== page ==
Legendary Carmen Basilio dies
Former world champion Carmen Basilio, one of the legends of boxing, has died at the age of 85.
Basilio, who held world titles at welterweight and middleweight, died of pneumonia at the Rochester General Hospital in the United States on Wednesday.
He will always be remembered for his two middleweight title fights with another legend, Sugar Ray Robinson.
Basilio, who retired in 1961 with a record of 56-16-7, including 27 knockouts, was voted Fighter of the Year twice by boxing writers.
He also fought in four bouts that were voted the best fights of the year. Two of these were against Robinson.
He was inducted into the International Boxing Hall of Fame, in Canastota in 1990.
Basilio was born in Canastota and worked as a physical education teacher at the Le Moyne College in Syracuse for 25 years.
His first professional fight was on November 24, 1948.
Boxing enthusiasts loved his style. Most of his fights were toe-to-toe battles and he had the ability to shrug off punishment.
He had to go through 50 fights before getting a shot at the welterweight title, losing to Cuba's Kid Gavilan on points in 1953.
Basilio won the world welterweight title from Tony DeMarco in Syracuse in 1955 and later regained it after a controversial loss to Johnny Saxton the next year.
Even though he was regarded as too small for a middleweight, he challenged Robinson in 1957.
Basilio was one of ten children of an Italian who moved to the United States and became an onion farmer.
SAPA-AP reports that Basilio was among the first class of Hall of Fame inductees in 1990, a group that includes Robinson, Muhammad Ali, Rocky Marciano, Joe Louis and Jake LaMotta.
Basilio's ferocious battles with the likes of Billy Graham and Kid Gavilan riveted the US during the age of black-and-white television.
Hindered on his ascent by a reluctance to deal with mobsters, he took the welterweight title from Tony DeMarco in 1955 and added the middleweight belt near the close of a 13-year career.
In his later years, Basilio still could conjure up dates of championship fights, the size of a purse, the name of a referee he loathed.
His wife, Josie, traced his decline to heart-bypass surgery in 1992. An MRI scan revealed no brain damage from his boxing days, which Basilio acknowledged went on too long.
With his crouching style, the 1.69m slugger bored relentlessly into opponents, wearing them down with body blows. He had a straight-up, knuckle-rimmed uppercut and a vicious hook.
The two savage, seesaw 15-rounders against Robinson formed the capstone of his fame. But in the early 1950s, Basilio endured a bitter wait for a breakthrough in a sport then dominated by organised crime.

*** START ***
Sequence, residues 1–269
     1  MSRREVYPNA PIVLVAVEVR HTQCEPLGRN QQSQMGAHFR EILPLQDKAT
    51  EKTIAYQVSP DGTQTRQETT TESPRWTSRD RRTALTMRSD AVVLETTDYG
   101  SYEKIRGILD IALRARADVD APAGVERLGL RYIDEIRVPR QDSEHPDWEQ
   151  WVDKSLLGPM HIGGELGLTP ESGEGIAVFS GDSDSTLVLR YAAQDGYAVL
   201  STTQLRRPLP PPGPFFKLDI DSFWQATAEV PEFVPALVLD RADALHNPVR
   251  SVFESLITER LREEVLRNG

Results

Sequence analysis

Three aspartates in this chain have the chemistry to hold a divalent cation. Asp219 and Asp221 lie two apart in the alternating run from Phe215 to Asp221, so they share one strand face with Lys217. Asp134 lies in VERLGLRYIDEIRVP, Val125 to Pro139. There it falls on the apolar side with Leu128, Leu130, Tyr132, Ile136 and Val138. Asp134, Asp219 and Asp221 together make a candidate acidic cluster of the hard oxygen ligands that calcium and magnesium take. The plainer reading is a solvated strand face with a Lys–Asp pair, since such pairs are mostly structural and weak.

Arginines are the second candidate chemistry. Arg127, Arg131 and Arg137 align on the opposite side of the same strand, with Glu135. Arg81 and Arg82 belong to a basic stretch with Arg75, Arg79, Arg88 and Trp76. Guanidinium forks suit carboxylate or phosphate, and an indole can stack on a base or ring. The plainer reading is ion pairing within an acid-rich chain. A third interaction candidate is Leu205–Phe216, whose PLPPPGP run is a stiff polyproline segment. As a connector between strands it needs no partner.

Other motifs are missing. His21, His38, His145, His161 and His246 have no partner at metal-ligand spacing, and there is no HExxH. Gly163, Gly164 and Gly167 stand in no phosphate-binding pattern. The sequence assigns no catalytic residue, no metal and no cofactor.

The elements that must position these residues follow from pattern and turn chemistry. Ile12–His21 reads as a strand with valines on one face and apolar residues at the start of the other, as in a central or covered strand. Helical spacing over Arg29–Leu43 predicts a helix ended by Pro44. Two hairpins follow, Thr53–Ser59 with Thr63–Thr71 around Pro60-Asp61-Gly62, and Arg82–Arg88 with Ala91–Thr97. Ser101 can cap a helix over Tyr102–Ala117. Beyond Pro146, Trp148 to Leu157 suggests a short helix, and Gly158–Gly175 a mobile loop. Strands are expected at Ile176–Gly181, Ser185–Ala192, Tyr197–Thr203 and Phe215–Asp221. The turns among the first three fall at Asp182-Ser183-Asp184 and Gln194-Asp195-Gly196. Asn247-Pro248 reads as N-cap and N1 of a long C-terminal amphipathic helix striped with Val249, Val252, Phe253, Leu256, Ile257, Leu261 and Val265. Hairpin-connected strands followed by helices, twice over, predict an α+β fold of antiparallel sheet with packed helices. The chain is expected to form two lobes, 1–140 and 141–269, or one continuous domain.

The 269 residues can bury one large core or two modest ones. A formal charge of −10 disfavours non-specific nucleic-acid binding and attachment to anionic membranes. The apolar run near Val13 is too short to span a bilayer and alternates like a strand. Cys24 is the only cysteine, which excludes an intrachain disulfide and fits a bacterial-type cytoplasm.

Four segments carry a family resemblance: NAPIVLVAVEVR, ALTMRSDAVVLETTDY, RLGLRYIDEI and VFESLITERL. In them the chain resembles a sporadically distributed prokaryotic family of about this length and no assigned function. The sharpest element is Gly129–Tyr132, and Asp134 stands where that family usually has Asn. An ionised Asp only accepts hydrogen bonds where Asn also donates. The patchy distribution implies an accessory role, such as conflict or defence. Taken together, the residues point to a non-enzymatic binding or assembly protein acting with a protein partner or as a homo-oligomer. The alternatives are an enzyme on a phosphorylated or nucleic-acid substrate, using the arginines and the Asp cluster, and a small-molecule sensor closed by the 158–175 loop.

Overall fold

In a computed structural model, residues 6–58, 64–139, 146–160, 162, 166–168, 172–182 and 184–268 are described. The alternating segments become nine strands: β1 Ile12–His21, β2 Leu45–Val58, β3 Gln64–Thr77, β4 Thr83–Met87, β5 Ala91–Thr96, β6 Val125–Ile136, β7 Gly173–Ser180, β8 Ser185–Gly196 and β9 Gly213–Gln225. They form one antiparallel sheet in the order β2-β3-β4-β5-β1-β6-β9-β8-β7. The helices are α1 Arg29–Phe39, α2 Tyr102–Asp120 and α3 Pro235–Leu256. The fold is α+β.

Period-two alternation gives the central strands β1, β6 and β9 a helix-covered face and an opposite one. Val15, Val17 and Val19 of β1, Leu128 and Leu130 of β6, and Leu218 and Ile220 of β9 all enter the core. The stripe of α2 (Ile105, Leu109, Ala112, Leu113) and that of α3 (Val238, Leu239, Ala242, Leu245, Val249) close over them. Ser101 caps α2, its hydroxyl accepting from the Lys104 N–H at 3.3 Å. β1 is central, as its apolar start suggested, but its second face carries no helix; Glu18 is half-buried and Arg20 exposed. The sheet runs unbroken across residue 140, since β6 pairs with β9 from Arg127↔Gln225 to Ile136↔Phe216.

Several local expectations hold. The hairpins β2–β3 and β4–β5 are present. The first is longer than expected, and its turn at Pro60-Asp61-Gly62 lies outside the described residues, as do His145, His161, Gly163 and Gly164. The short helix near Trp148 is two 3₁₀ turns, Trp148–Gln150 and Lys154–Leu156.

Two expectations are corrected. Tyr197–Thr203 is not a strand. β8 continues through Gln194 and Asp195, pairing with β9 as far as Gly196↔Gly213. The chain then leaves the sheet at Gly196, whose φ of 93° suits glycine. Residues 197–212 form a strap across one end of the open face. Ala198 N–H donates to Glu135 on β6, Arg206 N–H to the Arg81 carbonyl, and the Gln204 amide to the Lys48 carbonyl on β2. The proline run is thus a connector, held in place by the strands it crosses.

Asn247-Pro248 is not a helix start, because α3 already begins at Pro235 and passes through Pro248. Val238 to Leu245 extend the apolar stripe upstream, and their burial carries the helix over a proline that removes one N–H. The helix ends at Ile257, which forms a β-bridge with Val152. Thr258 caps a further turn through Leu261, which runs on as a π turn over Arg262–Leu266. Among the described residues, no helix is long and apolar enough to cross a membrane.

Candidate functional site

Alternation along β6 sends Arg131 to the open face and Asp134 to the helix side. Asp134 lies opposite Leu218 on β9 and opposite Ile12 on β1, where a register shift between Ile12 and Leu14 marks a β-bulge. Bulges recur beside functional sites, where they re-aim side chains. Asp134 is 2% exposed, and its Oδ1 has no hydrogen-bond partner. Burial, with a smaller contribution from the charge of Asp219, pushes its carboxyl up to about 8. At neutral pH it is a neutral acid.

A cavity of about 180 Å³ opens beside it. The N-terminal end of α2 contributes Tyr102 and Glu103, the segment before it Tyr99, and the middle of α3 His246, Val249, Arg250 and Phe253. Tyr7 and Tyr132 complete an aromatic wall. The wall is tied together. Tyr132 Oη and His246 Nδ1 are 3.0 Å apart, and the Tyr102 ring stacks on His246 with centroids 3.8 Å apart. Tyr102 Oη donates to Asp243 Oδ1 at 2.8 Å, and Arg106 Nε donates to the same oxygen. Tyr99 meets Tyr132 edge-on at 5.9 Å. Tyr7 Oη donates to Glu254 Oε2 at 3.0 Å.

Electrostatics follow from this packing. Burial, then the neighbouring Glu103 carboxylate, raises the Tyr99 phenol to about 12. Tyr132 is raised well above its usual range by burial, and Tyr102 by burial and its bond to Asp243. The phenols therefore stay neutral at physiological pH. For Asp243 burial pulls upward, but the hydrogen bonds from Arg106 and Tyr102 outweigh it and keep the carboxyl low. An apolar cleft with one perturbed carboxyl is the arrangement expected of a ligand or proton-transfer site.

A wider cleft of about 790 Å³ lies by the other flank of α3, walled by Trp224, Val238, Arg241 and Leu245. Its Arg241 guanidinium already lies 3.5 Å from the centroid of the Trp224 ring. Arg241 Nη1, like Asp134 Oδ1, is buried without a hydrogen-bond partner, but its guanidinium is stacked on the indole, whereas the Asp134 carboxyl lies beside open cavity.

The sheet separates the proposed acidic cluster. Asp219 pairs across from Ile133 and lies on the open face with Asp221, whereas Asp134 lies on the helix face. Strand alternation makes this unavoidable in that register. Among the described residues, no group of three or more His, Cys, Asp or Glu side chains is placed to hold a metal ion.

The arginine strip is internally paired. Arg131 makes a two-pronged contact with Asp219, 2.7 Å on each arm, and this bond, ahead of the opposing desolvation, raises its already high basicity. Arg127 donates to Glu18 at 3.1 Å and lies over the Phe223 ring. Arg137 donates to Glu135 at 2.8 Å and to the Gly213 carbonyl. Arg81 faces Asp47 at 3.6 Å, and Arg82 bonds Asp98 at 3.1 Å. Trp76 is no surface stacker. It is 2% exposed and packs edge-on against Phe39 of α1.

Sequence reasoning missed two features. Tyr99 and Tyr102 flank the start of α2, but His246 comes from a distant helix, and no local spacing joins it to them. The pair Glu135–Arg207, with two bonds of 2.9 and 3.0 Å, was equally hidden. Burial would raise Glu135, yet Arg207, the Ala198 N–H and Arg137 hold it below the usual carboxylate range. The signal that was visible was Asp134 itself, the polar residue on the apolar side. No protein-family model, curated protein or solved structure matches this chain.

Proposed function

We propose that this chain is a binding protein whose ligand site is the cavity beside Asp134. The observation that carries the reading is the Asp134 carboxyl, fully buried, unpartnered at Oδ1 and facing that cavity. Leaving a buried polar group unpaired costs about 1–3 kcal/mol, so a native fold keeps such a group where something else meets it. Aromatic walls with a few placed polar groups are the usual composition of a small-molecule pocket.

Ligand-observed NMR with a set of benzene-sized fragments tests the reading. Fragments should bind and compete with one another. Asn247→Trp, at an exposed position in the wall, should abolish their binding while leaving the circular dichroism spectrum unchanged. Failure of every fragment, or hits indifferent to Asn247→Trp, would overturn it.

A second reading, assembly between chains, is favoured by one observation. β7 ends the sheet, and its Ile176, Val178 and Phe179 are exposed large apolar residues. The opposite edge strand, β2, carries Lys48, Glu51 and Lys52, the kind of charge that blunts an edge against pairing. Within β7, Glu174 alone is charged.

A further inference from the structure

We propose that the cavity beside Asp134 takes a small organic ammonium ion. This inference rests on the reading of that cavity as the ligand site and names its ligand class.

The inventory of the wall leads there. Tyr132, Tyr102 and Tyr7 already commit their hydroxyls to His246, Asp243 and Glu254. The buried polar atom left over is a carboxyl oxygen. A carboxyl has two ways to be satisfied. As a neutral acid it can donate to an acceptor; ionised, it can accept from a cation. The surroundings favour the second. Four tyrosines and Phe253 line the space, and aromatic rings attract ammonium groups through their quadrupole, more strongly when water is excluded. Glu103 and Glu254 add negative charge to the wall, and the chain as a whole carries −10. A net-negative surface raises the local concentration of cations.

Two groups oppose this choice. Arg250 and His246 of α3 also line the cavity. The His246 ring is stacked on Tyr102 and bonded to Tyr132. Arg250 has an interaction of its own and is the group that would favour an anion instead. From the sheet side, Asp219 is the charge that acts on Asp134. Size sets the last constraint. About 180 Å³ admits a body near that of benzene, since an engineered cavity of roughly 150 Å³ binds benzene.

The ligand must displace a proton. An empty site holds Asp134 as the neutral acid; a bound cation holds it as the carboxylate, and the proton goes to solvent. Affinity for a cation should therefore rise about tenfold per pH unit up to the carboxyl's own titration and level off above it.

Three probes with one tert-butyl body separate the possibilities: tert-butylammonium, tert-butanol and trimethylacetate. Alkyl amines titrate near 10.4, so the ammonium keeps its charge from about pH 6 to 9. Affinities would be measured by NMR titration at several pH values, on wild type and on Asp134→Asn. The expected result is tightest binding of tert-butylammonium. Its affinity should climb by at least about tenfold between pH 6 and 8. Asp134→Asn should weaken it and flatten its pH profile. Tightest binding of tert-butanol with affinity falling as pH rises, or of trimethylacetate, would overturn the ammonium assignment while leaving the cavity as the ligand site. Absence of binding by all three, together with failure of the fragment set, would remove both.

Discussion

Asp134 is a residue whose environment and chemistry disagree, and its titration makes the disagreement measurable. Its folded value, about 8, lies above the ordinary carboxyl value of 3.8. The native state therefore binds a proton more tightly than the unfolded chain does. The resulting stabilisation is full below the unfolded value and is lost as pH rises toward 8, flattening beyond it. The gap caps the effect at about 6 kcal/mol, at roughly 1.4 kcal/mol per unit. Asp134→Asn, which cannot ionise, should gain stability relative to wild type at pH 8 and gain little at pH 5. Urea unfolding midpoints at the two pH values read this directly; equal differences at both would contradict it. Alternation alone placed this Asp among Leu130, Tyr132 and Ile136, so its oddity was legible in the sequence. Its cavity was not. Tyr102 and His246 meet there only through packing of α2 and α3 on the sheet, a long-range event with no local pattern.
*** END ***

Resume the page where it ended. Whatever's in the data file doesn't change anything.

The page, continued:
He drew his first title shot in 1953 against Gavilan. He floored the Cuban great for the first time in his career, only to lose on a split decision. A rematch never came. Basilio ran into two years of gangland roadblocks.
The Fifties were a golden age for US boxing when thrice-weekly "fight nights" helped sell TV sets. But it also was a dark diversion directed by mob bosses. Basilio said he refused to cooperate with them and, despite his growing supremacy as a welterweight, was repeatedly passed over.
Helped by a political outcry, his second chance finally arrived against DeMarco in 1955. When he stopped DeMarco in the 12th round, Basilio knelt in his corner, repeating: "I did it! I did it! I did it!"
In their next fight, a left hook from DeMarco almost lifted Basilio off his feet. He pirouetted, his legs buckled but somehow he stayed up. He knocked out DeMarco in the 12th.
Basilio stepped up to middleweight against Robinson on September 23 in 1957. Four years earlier, after wresting the state welterweight title from Graham, Basilio was walking down Broadway in New York when he spotted Robinson with his entourage and introduced himself.
"He gave me a brush-off, and I lost my respect for him right then and there," he recalled. "People come up to speak to you; you have to be happy because it's people that make you what you are. He was an arrogant guy."
ROBINSON BARED HIS TEETH
He carried that grudge into their encounter in the Yankee Stadium. During the referee's instructions, Basilio was startled when Robinson leaned in snarling, baring his teeth like a wildcat. Basilio went back to his corner and burst out laughing, and it loosened him up.
"You're talking about the finest boxer of all time," Angelo Dundee said before his death this year, "and Carmen outboxed the guy. He beat him soundly."
In the eleventh round, Basilio clobbered Robinson with 34 straight punches, pinning him against the ropes. "I don't know what kept Robinson up because Carmen nailed him some real good shots," Dundee said.
Robinson rallied in the 12th but was hanging on at the end, and Basilio won on a 2-1 vote by the judges. Only one other modern-era welterweight champion had ever hoisted the middleweight belt – Robinson in 1951.
In the rematch in March 1958, Robinson regained the title on another razor-edge decision. A rupture above Basilio's eye swelled to the size of a potato. "I had to change my stance so I could see him, but I thought I won the fight that night," he insisted.
Basilio's susceptibility to cuts proved a recurring nightmare. “He says he made me the greatest cut man on earth because he used to bleed for me," Dundee said. "He bled at press conferences."
Robinson's refusal to fight a third time undermined Basilio's drive, and his career (56-16-7 with 27 knockouts) petered out in 1961 after three unsuccessful title shots against Gene Fullmer and Paul Pendor.
When DeMarco's son died in a car crash in 1975, Basilio showed up for the funeral in Boston. "You don't forget things like that," DeMarco said in 2007.